Sites Selected to Pilot New Mental Health Court Curriculum

The Council of State Governments Justice Center has identified four jurisdictions to serve as “pilot sites” for its forthcoming curriculum for practitioners interested in developing mental health courts. Stakeholders from the pilot jurisdictions will use an advance version of the course, which includes online presentations and group activities, and participate in focus groups throughout the fall and winter to help authors finalize it for broad release. The Justice Center will release the final version of the curriculum online–where users can access it for free–in spring 2012.

Developing a Mental Health Court: An Interdisciplinary Curriculum is designed both for local mental health court teams as well as for state-level officials, such as problem solving court coordinators, to use in training practitioners in local jurisdictions. The curriculum will be piloted with both of these audiences in mind. The local pilot sites include teams from Polk County, Iowa, and Jefferson County, Washington, who will use the curriculum to plan new mental health courts in their jurisdictions. At the state-level, problem-solving court coordinators from Colorado and Delaware will be trained on the curriculum so that they can use the curriculum with interested jurisdictions from within their states.

With over 300 mental health courts operating in the country today, the opportunity to pilot test this first-ever mental health court curriculum was met with broad enthusiasm. The Justice Center received a total of 26 applications from 19 states—seven from state-level applicants and 19 from planning groups at the county level. Applicants were from all regions of the country, and their jurisdictions range in population density and size.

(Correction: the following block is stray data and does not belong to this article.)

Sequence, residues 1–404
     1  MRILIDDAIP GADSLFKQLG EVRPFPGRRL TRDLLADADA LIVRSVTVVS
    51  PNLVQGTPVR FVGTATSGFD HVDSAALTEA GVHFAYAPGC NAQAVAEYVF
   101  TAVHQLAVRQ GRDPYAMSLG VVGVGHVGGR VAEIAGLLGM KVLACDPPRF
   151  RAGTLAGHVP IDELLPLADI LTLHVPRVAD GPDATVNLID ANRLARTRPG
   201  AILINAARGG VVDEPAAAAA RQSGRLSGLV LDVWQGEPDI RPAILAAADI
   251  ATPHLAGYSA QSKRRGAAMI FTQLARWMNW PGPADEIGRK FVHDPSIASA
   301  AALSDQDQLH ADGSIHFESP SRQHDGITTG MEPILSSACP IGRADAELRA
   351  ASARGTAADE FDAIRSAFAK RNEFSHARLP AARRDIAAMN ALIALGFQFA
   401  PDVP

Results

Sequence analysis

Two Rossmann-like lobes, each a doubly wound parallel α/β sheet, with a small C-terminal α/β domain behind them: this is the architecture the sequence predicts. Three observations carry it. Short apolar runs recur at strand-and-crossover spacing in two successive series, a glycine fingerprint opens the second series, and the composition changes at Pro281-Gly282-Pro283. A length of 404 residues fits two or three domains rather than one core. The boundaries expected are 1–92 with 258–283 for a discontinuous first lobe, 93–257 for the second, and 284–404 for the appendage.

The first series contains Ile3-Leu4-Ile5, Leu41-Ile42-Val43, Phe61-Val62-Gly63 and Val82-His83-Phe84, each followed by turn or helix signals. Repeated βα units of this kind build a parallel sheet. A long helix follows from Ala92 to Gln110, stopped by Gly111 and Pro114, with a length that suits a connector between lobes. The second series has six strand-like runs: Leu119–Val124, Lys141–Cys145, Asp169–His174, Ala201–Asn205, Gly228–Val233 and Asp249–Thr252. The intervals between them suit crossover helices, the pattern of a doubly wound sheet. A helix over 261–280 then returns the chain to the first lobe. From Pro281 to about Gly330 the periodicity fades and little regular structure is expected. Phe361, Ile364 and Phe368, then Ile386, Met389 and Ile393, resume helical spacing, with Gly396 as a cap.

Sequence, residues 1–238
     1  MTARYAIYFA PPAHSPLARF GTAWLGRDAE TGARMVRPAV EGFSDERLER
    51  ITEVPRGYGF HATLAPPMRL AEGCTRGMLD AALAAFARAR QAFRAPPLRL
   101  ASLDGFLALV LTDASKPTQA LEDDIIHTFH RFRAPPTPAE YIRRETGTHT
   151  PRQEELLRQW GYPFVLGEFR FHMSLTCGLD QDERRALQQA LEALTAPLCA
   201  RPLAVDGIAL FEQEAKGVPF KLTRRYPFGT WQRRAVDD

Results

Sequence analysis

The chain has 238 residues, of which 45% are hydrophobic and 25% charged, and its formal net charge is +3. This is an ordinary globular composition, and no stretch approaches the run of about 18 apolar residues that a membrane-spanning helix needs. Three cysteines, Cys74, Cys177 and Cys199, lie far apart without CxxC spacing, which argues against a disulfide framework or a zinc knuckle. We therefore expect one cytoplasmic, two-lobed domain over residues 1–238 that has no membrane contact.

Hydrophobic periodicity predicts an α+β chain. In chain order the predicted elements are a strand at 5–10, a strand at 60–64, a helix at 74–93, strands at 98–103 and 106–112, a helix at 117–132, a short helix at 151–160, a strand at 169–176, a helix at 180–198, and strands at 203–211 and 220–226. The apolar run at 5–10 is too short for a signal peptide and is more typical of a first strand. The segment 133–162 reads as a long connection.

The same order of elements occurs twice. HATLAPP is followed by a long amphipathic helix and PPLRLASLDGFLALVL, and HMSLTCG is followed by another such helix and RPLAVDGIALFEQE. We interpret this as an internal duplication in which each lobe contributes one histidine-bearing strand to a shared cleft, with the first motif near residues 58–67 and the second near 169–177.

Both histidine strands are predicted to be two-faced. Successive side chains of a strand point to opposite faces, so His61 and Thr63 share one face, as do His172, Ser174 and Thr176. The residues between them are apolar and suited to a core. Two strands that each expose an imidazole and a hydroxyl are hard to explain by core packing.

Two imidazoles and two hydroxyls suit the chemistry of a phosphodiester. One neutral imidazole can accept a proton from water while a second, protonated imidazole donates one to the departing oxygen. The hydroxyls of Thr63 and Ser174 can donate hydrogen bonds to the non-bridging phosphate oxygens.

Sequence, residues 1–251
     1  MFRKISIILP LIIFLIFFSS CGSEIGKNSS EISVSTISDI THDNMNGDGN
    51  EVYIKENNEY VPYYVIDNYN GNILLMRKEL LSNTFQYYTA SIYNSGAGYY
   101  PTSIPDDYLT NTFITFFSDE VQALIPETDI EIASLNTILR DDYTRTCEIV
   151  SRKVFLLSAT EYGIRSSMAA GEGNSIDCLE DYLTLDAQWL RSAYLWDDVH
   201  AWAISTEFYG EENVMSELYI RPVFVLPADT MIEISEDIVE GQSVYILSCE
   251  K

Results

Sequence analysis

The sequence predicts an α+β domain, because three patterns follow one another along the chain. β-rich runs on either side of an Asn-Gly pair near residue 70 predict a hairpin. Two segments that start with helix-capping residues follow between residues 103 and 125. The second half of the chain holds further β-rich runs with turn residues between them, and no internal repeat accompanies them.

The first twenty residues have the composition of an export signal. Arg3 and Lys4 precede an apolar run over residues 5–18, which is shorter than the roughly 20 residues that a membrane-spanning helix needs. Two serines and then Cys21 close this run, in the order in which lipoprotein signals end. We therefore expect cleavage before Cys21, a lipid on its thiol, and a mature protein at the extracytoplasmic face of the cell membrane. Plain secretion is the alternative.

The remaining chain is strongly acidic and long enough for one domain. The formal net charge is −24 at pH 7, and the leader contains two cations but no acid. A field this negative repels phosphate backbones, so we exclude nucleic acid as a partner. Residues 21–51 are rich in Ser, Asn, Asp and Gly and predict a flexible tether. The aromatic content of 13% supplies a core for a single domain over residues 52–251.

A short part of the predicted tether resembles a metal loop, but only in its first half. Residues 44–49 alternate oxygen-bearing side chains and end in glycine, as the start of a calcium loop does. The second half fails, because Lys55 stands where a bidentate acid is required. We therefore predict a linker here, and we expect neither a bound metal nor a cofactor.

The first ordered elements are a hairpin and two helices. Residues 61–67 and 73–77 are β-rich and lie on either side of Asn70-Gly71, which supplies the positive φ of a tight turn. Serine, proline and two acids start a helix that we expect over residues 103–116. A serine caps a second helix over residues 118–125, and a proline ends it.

“We were thrilled to see such a strong response from the field showing interest in piloting this curriculum,” said Ruby Qazilbash, Associate Deputy Director of the Bureau of Justice Assistance (U.S. Department of Justice),which is supporting the project. “We have worked with the Council of State Governments Justice Center to maximize the accessibility of this resource so that it reaches those who need it easily and cost effectively.”

In local sites (Polk and Jefferson counties), team members will undergo the course independently, without the guidance of an in-person trainer from outside the jurisdiction. Justice Center staff will directly observe the local teams as they proceed through the curriculum to gauge the curriculum’s usability. With the state pilot sites, individuals who oversee judicial training will participate in a “train-the-trainer” session to prepare them to administer the curriculum throughout their states. All four of the pilot sites will provide detailed feedback on their experience through pre- and post-curriculum surveys and interviews.

“We know that there isn’t a ‘one-size-fits-all’ way to make lives easier for mentally ill people when they are getting out of jail or on probation. I’m hopeful that, through this process, we can get everyone around the table to come to agreement on a way forward that is adapted to the unique needs of Polk County,” said Angela Connolly, a member of the Board of Supervisors of Polk County (IA), which includes Des Moines.